We can help you, if you need to present information to HMRC.
Self Assessment Payment Helpline
Telephone: 0300 200 3822
HMRC Coronovirus Helpline
Telephone: 0800 015 9599
What is the rate of VAT?
The VAT rate remains at 20% but from 31 March 2021 until 30 September 2021 there is a temporary reduced rate of VAT to 5% for certain supplies of:
• Hotel and holiday accommodation
• Admission to certain attractions
Please go to the Government website (www.gov.uk) for the full list of supplies, but a sample of the most popular are:
• Food and non alcoholic drink sold on premises
• Hot takeaway food
• Sleeping accommodation min hotels
• Admission fees to theatre, cinema, exhibitions, concerts etc
What changes to VAT on Imports are happening from 1 January 2021?
From 1 January 2021, VAT on goods imported into the UK will no longer need to be paid at the port under a deferred tax system. Instead, as long as your business is registered for VAT in the UK and you have an EORI number beginning with GB, you will be able to account for the VAT on your VAT return by declaring it as an Output in Box 1 and recovering it by including it in Box 4, Input VAT.
This self-certification is a simplification of a currently cumbersome and bureaucratic process of paying VAT deferment and reclaiming it back.
The net effect is the same, as currently VAT paid under deferment is reclaimed on the next VAT Return, so the net VAT position is nil, but it has a huge, detrimental effect on cashflow, as well as on bank borrowing.
There will still be payment of duty by deferment, but this is usually very small in comparison to the VAT.
There is no requirement to opt into these rules and no request to HMRC that needs to be made, but you must inform your shipping/courier companies that you are now operating under the ‘Postponed Import VAT Accounting’.
What are the rules for VAT on food?
- Food and drink is usually zero rated except for catering, hot food, hot takeaway, soft drinks, savoury snacks, which are all standard rated
- Restaurants must always charge VAT on anything eaten on the premises or communal areas designated for customers
- Restaurants must charge VAT on all hot takeaway and home deliveries
- Restaurants do not charge VAT on cold takeaway, unless eaten in a customer designated area
From 15 July 20 – 30 Sep 21 the standard 20% VAT rate was reduced from 20% to 5% and then it will rise to 12.5% until 31 March 2022, before returning to 20%.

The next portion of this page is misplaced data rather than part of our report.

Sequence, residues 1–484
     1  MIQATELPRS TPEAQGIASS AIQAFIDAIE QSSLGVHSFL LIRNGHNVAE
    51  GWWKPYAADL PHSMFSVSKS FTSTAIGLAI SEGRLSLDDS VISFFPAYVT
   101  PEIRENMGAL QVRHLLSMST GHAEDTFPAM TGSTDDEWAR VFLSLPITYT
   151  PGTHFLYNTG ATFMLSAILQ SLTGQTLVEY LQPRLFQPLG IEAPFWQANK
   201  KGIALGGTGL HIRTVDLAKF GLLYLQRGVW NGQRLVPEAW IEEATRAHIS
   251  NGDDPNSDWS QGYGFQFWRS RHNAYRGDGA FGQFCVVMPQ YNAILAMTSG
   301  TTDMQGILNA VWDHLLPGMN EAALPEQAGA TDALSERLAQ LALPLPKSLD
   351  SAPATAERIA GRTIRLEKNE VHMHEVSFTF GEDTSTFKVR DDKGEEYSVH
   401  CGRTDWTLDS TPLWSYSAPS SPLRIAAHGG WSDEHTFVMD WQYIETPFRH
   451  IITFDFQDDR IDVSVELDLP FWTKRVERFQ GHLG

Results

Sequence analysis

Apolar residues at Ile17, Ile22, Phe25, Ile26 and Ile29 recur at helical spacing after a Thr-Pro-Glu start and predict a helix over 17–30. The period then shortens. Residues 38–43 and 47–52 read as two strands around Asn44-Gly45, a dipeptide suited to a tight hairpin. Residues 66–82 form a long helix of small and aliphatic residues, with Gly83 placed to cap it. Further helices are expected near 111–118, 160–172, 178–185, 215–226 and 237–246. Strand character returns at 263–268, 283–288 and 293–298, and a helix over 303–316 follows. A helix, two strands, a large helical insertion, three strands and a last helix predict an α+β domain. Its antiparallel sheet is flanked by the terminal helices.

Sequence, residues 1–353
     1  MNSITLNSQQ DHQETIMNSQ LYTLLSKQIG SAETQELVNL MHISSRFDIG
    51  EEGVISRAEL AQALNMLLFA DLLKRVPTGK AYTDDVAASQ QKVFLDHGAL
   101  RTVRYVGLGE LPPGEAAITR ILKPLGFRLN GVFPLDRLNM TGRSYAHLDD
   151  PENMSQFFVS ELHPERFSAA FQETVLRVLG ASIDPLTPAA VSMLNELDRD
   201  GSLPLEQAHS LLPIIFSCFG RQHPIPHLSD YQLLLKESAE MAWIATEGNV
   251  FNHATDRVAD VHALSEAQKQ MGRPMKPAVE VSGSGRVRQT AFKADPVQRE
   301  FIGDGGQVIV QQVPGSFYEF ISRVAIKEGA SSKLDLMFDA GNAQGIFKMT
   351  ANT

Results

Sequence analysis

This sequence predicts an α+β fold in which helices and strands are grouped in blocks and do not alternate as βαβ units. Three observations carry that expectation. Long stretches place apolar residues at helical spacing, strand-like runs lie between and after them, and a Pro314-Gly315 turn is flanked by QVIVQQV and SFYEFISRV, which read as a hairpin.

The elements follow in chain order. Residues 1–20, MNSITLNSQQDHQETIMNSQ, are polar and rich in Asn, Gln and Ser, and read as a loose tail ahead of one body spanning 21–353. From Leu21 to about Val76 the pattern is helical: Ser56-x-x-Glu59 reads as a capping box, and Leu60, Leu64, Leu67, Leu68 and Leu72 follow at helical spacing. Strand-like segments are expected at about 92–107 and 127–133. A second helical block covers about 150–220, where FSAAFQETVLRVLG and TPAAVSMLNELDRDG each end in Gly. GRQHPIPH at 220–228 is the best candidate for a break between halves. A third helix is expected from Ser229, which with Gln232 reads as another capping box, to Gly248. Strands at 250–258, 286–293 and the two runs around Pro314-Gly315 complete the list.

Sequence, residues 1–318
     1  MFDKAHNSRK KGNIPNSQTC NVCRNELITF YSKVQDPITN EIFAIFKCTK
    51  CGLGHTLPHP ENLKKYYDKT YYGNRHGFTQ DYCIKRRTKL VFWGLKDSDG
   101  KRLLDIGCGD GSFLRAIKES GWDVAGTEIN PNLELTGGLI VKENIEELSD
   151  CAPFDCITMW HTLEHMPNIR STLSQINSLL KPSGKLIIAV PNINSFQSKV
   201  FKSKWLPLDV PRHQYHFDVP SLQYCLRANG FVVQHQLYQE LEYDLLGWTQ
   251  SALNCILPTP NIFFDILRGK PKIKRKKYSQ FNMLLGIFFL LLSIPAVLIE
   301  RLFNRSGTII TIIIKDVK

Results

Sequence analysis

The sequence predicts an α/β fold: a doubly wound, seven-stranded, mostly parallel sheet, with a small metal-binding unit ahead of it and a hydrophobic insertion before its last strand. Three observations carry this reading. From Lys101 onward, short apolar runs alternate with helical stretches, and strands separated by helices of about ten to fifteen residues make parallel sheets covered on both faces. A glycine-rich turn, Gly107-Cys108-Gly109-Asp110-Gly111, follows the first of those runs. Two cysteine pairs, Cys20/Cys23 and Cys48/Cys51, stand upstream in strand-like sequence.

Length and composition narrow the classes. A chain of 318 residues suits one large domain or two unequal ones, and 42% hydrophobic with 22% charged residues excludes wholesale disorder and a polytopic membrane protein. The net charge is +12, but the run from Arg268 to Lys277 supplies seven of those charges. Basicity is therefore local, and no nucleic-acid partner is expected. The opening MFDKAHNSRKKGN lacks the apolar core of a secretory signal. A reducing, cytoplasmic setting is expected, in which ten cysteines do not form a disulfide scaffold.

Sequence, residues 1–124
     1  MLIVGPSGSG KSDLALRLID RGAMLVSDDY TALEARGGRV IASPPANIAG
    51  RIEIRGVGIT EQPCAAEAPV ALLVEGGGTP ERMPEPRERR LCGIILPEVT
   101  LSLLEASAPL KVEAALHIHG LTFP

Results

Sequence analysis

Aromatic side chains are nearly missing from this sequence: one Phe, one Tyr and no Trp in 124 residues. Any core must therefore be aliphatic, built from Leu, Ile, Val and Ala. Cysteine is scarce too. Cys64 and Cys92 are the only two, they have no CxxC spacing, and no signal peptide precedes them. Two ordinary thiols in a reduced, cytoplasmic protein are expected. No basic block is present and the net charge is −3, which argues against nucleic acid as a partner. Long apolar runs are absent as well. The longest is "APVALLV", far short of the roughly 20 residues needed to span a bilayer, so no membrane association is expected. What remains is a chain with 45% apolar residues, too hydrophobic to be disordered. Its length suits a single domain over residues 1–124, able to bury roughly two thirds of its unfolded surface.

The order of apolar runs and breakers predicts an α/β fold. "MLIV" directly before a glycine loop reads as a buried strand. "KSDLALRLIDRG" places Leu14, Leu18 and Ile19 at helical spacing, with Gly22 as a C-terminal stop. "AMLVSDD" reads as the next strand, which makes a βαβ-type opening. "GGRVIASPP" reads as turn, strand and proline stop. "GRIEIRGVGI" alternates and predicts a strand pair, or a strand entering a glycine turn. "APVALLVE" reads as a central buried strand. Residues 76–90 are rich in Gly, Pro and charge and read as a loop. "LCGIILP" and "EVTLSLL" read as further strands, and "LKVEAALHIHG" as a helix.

What is inheritance tax?
This is a tax on the Estate of a deceased person.
It is a flat rate tax of 40% which applies on the total value of the Estate after the tax free IHT band of £325,000 is exhausted.
There are numerous exceptions and complications to this general rule, but that is the starting point.
There is no IHT applicable on assets transferred between spouses/civil partners.
Are all assets subject to Inheritance Tax (‘IHT’)?
No. Business assets, including unlisted shares held in a trading business, enjoy a 100% exemption from IHT if held for at least two years before death. This is known as Business Property Relief (‘BPR’)
Can I give away assets whilst alive so my Estate can escape IHT on those assets?
Yes , but no, but yes, but no!!
There is no IHT on lifetime gifts, but gifts of assets such as (shares, property, etc) in which there may be a gain, may be subject to Capital Gains Tax.
Gifts of cash are free of any Capital Gains Tax.
However, any gift made within 7 years of death will be brought back into the Estate and subject to IHT. The amount of IHT is 40% if death is within the first three years after the gift, but reduces by 4% each year thereafter.
So, take care when making gifts.
What qualifies for Business Relief ?
You can get 100% Business Relief on:
- a business or interest in a business
- shares in an unlisted company
You can get 50% Business Relief on:
- shares controlling more than 50% of the voting rights in a listed company
- land, buildings or machinery owned by the deceased and used in a business they were a partner in or controlled
- land, buildings or machinery used in the business and held in a trust that it has the right to benefit from
You can only get relief if the deceased owned the business or asset for at least 2 years before they died.
If someone gives away business property or assets, the recipient must keep them as a going concern until the death of the donor if they want to keep the relief.
- replace the property or assets – like machinery – with something of equal value if it’s for use in the business
- only get relief if the donor owned the business or asset for at least 2 years before the date it was given
What doesn’t qualify for Business Relief
You can’t claim Business Relief if the company:
- mainly deals with securities, stocks or shares, land or buildings, or in making or holding investments
- is a not-for-profit organisation
- is being sold, unless the sale is to a company that will carry on the business and the estate will be paid mainly in shares of that company
- is being wound up, unless this is part of a process to allow the business of the company to carry on
You can’t claim Business Relief on an asset if it:
- also qualifies for Agricultural Relief
- wasn’t used mainly for business in the 2 years before it was either passed on as a gift or as part of the will
- isn’t needed for future use in the business
If part of a non-qualifying asset is used in the business, that part might qualify for Business Relief.